How vital is understanding pathological mechanisms for MCAT? Can it provide an edge??

Socal_emt

ChowderPA-S
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I have been reviewing the major mechanisms involved in diabetes, pancreatitis, blood clotting, and all the other major disease pathology in the body. For all who have taken the MCAT, would this had helped your performance?

- I am planning on taking my MCAT the summer of 2017. So time is not a big contributing factor. I have been studying for the MCAT since mid March 2016. My time has been spent finishing my undergrad and working full time.
 

theonlytycrane

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How in depth are you talking?

In Type 1 diabetes, an autoimmune disorder results in the b-cells of the pancreas failing to make insulin. In Type 2, insulin receptors become unreceptive to insulin and b-cells can get tired of trying to make more insulin after awhile. Which type would be mediated with exogenous insulin injections?

Blood clots are important to prevent us from bleeding out, but can also be dangerous if unintended. Various clotting proteins, molecules, and vitamins (vitamin K) play a role in clotting. If some blood vessel is restricted in diameter, how will the blood flow be changed downstream from the clot?

That's about as detailed as you should be thinking about these things and most of that will be in the passage for reference. Any more details in terms of a mechanism will be lower yield. More details in terms of an experiment may be in a passage, but that's not really something we can prepare for until we encounter it.
 
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Aug 22, 2016
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I find knowing minutiae about illnesses helped me understand the underlying logic of physiology, and therefore, helped me answer questions.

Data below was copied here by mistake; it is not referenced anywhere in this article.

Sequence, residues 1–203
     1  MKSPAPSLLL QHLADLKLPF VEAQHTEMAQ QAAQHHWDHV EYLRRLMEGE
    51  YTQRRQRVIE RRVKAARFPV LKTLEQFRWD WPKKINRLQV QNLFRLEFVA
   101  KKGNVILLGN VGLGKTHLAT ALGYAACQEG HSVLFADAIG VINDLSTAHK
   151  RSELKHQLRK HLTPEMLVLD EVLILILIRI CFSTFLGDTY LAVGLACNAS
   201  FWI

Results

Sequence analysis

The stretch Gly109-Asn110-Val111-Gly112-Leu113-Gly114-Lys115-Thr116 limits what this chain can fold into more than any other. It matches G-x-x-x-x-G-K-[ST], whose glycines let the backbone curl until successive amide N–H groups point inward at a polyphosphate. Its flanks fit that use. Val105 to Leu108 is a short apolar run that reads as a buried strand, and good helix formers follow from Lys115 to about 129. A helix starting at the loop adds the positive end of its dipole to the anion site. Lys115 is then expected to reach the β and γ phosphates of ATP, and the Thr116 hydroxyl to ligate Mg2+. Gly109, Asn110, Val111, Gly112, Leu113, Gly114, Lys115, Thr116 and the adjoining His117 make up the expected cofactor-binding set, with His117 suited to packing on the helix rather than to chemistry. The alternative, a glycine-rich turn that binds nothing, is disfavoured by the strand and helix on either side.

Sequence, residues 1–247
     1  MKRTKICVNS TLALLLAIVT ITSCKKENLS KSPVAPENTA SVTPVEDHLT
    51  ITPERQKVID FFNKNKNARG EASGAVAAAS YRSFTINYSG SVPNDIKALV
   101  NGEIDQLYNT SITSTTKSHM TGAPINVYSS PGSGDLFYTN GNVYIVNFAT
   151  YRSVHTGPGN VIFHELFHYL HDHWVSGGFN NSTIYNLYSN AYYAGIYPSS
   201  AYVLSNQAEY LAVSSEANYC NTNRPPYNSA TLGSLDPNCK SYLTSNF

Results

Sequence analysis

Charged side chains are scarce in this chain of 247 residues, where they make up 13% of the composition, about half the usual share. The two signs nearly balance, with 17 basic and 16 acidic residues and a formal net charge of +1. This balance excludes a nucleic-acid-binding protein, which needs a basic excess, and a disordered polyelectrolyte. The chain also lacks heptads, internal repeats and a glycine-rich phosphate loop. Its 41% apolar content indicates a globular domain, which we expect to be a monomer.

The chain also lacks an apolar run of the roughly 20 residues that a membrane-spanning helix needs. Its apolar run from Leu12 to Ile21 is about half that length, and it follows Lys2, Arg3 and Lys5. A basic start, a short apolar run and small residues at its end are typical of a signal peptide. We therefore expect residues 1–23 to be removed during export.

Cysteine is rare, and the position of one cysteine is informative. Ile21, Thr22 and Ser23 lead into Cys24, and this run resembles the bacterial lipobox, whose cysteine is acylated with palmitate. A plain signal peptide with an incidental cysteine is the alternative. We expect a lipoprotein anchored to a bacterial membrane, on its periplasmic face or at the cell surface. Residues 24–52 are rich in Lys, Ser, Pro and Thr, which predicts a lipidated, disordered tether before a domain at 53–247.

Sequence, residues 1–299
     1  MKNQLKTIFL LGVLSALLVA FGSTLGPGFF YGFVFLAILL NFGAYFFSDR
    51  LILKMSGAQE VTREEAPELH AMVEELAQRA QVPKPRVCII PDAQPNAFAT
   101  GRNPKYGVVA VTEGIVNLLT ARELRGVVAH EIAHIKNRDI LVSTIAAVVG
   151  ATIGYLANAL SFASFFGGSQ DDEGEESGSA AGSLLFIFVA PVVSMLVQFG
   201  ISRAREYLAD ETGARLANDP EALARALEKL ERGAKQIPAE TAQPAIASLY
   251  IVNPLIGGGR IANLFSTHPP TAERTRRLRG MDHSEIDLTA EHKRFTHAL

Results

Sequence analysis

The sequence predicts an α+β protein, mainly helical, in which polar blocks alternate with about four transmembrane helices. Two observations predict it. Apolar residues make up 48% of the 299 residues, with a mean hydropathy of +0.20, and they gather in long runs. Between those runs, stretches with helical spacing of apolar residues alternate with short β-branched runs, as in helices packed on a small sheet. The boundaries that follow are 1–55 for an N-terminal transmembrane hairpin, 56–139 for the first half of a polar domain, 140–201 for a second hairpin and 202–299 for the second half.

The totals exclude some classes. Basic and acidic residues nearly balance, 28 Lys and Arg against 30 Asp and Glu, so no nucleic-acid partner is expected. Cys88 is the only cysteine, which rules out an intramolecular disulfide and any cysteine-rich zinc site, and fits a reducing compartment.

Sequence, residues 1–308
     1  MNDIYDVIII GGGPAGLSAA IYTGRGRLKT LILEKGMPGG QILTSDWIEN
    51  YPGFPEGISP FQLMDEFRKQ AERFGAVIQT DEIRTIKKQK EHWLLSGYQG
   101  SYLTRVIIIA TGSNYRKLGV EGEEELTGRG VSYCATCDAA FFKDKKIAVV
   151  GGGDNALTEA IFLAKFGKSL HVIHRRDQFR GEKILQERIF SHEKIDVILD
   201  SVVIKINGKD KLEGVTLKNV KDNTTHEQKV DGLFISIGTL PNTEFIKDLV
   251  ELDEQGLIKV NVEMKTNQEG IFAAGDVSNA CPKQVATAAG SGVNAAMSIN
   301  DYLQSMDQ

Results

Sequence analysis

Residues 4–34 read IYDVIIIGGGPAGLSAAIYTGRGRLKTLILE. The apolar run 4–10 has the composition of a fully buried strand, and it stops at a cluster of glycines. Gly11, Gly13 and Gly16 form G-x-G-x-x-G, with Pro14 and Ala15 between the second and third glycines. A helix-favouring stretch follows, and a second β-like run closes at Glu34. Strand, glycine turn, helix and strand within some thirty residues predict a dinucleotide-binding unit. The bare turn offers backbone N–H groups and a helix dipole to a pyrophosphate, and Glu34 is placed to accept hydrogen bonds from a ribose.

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Socal_emt

Socal_emt

ChowderPA-S
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I have noticed on some passages that since I better understood the mechanism of action behind the question, or have actually seen a VERY similar study before in the past, that I didn't even have to read the passage at all.

I know it seems low yield, but I have a solid foundation in all the high yield questions so far. It would seem best now to focus even on the low yield right?
 

Hospitalized

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Make sure you know T1/T2 diabetes. These frequently show up in the bio section and psych/soc section (remember psych/soc is 25% biology based).
 
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Jan 20, 2016
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Well first off, psych/soc is 5 percent biology not 25. Second, there are very few illnesses that you specifically need to know for the mcat, and most of this knowledge is very basic. Third, studying for a year and a half for the mcat might be the most overkill thing I have ever heard. Regardless, good luck in a year
 
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